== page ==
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Citizens' Dialogue with Commissioner Věra Jourová on the New Deal for Consumers

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At the Citizens' Dialogue in Prague, Commissioner Jourová talked about the New Deal For Consumers.

The Czech Minister for Industry and Trade Tomáš Hüner welcomed the New Deal for Consumers, saying “there must be a EU-wide harmonisation of sanctioning” for companies that break the law.

Speaking at a Citizens’ Dialogue in Prague on Tuesday June 19, Tomáš Hüner​ highlighted the importance of the new consumer protection legislation proposed by the Commission,  saying “fair market conditions should be maintained and promoted.”

The New Deal for Consumers came following last year’s Volkswagen “Dieselgate” scandal. At the time, Vera Jourová, European Commissioner for Justice, Consumers and Gender Equality, fought Volkswagen over its refusal to compensate EU customers despite doing so in the US. The episode, along with others such as airlines' mass cancellations of flights has hardened Brussels’ view that the EU lacks the legal armoury to tackle cases affecting large numbers of people in multiple countries.

At Tuesday’s dialogue a number of issues relating to consumer rights were raised, such as the right of withdrawal, fines for companies who break the law and collective redress.

The dual quality of foods received special attention. In the Czech Republic, similar to what happens in other Eastern Member States, multinational food companies were found selling products made with lower quality ingredients while marketing them with the same packaging and branding used in Western Europe.

During her keynote speech on Tuesday Commissioner Vera Jourová said the Commission wants to bring this illegal practice to an end.

“The amendment of the unfair commercial practices directive was in response to calls also from the Czech Republic related to dual quality of products. It’s an unfair commercial practice to market and sell products presented as the same when in fact they have dual quality,” Commissioner Jourová said.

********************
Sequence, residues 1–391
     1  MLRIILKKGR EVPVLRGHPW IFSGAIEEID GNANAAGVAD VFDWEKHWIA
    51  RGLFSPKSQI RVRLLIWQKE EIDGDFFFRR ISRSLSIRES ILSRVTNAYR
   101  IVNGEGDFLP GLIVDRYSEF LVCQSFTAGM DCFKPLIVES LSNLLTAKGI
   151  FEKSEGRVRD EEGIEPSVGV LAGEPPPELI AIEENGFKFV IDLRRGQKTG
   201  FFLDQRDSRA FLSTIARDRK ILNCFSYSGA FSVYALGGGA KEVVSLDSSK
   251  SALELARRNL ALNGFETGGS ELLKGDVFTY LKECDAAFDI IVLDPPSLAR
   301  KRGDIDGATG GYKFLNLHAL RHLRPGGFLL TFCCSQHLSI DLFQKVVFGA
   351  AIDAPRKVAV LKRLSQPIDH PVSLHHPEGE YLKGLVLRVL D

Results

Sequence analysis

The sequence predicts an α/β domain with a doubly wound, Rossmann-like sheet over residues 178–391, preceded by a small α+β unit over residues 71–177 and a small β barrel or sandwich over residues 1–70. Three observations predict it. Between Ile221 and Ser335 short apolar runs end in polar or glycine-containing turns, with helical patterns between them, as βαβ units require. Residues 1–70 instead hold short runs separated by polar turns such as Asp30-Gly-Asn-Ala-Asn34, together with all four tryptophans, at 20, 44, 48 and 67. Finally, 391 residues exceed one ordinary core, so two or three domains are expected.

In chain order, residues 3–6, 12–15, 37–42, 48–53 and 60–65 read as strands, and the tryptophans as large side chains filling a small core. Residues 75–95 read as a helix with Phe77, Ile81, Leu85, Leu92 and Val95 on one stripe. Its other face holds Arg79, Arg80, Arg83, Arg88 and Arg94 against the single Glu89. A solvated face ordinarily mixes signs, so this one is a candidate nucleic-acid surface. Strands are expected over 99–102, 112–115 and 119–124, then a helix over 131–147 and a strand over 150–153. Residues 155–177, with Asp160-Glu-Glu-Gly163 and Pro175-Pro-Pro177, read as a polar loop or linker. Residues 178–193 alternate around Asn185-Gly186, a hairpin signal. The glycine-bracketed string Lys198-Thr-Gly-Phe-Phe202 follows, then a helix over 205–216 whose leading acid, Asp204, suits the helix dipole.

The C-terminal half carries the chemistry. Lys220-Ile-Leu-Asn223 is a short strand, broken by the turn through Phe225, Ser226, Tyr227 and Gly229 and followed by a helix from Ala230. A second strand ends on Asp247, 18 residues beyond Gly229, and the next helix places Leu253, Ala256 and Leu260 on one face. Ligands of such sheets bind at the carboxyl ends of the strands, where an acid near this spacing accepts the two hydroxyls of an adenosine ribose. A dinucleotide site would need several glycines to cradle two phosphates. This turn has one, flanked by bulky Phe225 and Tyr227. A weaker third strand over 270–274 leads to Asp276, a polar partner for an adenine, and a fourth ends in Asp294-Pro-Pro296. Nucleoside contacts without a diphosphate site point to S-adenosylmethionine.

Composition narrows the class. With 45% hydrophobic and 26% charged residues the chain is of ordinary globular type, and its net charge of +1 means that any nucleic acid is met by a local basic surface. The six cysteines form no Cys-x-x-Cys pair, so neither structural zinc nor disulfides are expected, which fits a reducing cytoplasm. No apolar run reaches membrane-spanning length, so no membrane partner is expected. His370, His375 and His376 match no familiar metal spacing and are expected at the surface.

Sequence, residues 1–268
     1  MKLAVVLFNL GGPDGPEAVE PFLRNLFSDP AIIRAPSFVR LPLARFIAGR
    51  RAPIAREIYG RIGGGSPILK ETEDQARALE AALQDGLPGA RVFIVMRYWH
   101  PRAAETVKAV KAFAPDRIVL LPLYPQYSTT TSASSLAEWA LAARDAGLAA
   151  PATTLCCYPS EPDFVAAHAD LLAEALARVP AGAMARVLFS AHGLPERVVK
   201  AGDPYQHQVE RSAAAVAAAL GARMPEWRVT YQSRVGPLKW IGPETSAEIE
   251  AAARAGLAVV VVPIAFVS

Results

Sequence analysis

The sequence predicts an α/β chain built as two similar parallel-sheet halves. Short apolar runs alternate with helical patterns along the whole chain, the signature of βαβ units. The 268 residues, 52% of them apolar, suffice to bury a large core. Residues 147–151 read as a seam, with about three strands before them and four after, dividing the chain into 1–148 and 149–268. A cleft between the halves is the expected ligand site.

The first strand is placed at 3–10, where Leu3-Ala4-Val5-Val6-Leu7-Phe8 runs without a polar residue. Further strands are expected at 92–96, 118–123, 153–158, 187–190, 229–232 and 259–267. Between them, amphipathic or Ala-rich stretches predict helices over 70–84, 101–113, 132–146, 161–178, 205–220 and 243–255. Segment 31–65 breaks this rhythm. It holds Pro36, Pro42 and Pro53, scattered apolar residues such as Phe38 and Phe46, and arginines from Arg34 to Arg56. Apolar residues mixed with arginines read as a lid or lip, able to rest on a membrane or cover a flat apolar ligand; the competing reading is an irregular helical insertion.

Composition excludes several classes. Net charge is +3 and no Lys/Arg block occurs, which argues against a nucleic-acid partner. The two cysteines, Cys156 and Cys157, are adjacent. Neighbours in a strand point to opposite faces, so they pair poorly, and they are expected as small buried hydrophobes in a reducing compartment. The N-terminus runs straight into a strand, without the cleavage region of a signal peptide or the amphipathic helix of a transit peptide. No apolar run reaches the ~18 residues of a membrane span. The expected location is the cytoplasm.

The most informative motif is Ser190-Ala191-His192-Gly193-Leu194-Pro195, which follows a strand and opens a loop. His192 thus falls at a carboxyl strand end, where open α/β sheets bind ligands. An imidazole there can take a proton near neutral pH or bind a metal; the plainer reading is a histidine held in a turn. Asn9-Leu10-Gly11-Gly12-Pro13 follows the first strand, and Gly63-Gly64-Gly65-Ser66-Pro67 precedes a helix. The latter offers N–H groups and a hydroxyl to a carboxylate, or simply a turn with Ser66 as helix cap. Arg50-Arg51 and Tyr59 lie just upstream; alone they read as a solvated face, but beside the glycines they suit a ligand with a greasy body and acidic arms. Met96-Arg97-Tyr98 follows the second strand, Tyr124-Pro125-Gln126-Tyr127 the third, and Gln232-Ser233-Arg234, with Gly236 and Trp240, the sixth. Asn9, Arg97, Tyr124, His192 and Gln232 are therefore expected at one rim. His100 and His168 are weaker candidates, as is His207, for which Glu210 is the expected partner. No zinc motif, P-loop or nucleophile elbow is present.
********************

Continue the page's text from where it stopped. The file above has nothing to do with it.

Commissioner Jourová also pointed out that while drafting the new legislation, she and her team wanted to make a valuable contribution to people’s lives "Our aim was to react to the practical needs of people.”

Overall, there was a consensus from members of the Czech consumers and business community that the protection legislation in place is strong, but that it needs to be upgraded to the needs of the digital world.

“The level of consumer protection in the EU compared to other parts of the world is fairly high,” said Viktor Vodicka, from the Association of Czech Consumers. “However, in relation to the digitalisation of the world and the internationalisation of companies the enforcement of consumer rights is lagging behind.”

Like in other previous dialogues, the issue of collective redress was also discussed, with some business representatives fearing that such a measure could lead to a US-style class action system.

Anežka Janoušková, from the Czech Ministry of Justice, said the draft legislation was “very interesting,” with some “controversial” points.

“We were surprised when we noticed that the Commission is trying to harmonise the legislation at European level,” Ms Janoušková said. “Since there are various regulations in various Member States with different law-enforcement authorities, there should be a parallel system which allows Member States to maintain their national regulations.” She was nevertheless pleased to notice that the proposed redress system could be integrated or exist in parallel with specific national systems for collective redress.

Some in the panel were a little more sceptical about the proposed legislation. Zbyněk Švarc, from the University of Economics, said the new directives from the Commission won’t be enough to solve the problems between the Czech businesses and consumers.

“This is about the relationship between the consumer and the manufacturer,” he said. “This a problematic relationship that comes from the 60s. We have individual regulations which have not been interlinked.”

In the Czech Republic, it is up to the Ministry of Industry and Trade to pick a public entity or an NGO (or both) to represent consumers in cases of mass harm. However, Mr Huner, the Industry and Trade Minister, said the government is now studying if having public entities representing consumers should be an “obligation” or just an option available to consumers.

As the Consumer Dialogues travel outside of the Brussels bubble over the coming months, preparations are being made for a November 28 meeting of all Member States key stakeholders in Brussels. The goal is to iron out any differences before the package moves on to the European Council end of November, by which time it is expected to adopt a common approach to The New Deal For Consumers.


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19 June 2018, 15.00 - 17.30 (CEST)
Europe House
Jungmannova 24
Czech Republic